Clive Thompson has a good column at Wired about loving first-person shooters — and not being ashamed to say so. He writes:
This is a subject that huge numbers of gamers feel strongly about, but are terrified of saying out loud. After all, we now live in an age where the pop-culture mainstream has decided that games are fascinating — but only the “complex,” socially nuanced ones. Everyone moons over Will Wright’s emotionally sophisticated Sims, and his impending, world-modeling Spore. Critics gush over the social valences of life inside World of Warcraft, or the cinematic scope of the Final Fantasy series, or the massive forking narratives of The Elder Scrolls IV: Oblivion. But when it comes to shooters — the Cro-Magnon sector of the gaming world? Everyone recoils. If only gamers would grow up, sigh the pundits, these infantile titles would finally vanish, and gaming would finally be respectable.
It’s funny how the game castes have shaken out. For all their epic scope, the Final Fantasy games are still cliched, geeky-level-building RPGs. And I haven’t gotten to play Elder Scrolls yet, but I bet the huge world is full of badly written fantasy dialogue. The Sims and Spore are trying to do something different, is all. The problem with shooters is just that there’s only so much they can do. But that’s also why they can be so fun: Sometimes you just want to blow stuff up. (As I said in my review of Mercenaries, “The game makes a big deal out of the moral implications of selling yourself out to the different factions, but whatever. Just put me in a tank and let me turn buildings into rubble.”)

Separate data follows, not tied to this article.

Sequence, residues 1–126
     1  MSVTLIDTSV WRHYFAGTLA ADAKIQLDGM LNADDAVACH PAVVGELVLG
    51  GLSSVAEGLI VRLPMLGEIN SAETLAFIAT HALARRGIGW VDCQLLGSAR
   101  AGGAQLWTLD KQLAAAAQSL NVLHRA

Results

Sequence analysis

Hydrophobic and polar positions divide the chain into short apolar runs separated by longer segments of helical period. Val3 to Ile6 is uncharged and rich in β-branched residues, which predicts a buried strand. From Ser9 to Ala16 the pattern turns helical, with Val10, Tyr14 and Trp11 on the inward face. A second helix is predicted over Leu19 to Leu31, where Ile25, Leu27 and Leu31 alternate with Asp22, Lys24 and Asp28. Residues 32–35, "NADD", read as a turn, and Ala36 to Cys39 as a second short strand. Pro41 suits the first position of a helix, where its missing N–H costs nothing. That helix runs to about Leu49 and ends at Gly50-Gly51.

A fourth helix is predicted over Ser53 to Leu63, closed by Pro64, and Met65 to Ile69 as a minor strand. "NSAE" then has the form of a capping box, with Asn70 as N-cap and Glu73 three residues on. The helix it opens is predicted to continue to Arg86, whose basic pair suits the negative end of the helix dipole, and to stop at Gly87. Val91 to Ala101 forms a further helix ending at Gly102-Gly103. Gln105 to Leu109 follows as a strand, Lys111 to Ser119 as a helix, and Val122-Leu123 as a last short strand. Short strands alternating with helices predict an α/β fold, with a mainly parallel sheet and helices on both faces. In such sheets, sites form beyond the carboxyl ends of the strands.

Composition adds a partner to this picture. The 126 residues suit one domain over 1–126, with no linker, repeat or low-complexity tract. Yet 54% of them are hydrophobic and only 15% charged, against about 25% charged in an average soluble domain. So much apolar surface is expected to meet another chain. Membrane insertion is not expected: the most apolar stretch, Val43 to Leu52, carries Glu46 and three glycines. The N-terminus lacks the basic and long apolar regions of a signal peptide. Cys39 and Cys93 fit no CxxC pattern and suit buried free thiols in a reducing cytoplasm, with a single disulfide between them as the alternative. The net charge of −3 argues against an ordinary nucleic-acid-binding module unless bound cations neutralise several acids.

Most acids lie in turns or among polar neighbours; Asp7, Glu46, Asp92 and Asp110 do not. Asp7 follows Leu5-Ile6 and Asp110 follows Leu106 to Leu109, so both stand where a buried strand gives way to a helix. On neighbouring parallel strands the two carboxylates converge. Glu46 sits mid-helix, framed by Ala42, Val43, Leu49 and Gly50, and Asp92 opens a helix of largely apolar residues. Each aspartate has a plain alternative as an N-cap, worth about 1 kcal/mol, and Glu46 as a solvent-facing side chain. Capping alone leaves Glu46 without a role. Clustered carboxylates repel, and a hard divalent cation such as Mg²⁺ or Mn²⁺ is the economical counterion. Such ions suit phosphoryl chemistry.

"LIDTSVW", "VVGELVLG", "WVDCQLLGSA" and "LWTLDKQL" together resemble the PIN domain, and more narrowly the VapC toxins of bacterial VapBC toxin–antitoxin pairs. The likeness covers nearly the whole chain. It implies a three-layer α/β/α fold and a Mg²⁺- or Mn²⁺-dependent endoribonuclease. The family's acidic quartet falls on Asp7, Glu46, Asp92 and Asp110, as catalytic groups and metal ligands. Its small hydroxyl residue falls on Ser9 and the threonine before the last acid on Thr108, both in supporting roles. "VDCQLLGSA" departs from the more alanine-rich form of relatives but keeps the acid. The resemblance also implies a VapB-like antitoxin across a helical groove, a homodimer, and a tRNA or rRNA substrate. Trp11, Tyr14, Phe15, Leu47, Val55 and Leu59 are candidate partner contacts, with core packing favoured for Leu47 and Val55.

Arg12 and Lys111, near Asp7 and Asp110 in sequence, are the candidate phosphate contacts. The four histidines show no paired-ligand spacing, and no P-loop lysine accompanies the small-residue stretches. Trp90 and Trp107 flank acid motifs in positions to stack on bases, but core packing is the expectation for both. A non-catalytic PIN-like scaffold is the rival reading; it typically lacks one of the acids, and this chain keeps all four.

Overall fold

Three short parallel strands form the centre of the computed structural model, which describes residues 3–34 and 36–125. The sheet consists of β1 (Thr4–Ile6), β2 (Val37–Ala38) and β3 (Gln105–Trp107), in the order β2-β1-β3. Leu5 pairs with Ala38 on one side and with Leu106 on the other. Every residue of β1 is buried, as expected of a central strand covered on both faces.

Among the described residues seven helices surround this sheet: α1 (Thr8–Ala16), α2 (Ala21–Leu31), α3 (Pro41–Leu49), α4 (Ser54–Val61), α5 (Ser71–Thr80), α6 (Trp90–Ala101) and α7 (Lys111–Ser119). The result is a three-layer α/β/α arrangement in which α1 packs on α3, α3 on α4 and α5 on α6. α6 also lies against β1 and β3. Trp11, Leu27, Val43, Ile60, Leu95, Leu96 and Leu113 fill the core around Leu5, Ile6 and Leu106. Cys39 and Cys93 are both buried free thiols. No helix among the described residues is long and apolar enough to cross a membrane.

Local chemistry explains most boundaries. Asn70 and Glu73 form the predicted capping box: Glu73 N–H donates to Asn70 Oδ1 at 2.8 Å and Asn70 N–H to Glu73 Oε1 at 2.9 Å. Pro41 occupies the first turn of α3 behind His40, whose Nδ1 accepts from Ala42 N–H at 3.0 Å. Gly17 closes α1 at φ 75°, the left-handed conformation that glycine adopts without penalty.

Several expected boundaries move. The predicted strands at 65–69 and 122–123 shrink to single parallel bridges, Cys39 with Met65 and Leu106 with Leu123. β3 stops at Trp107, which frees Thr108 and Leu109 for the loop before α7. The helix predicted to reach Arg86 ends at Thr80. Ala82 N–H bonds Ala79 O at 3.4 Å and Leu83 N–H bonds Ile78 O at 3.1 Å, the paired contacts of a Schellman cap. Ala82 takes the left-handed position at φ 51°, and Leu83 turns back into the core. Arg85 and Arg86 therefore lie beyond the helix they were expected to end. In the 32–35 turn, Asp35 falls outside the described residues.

Thompson also answers a question I’ve had for a few years: What’s the deal with Halo? I’ve only played a bit of the first Halo on the PC, and I was thoroughly unimpressed. But all the slobbering made me think I missed some great story or amazing level or something. Nope, Thompson says:
Everyone blathered on and on about the immersive story, the fleshed-out characters, the great script, yadda yadda. But that wasn’t why they played it. No, they played it because of what the designers called the game’s ability to deliver “30 seconds of fun,” over and over again. And those 30 seconds didn’t consist of moderating a frickin’ guild meeting, if you know what I mean. Nosiree: They consisted of wasting every last freaky alien that wandered anywhere near your muzzle.
Now it makes sense.
That’s not to say first-person shooters are critic-proof; a crappy game can’t hide behind Thompson’s argument. There are still good shooters and annoyingly overpraised ones. But one of the main reasons for playing video games is they let you do things you can’t do in real life. Things like blowing *%@$ up. Nothing wrong with that.
— April 11, 2006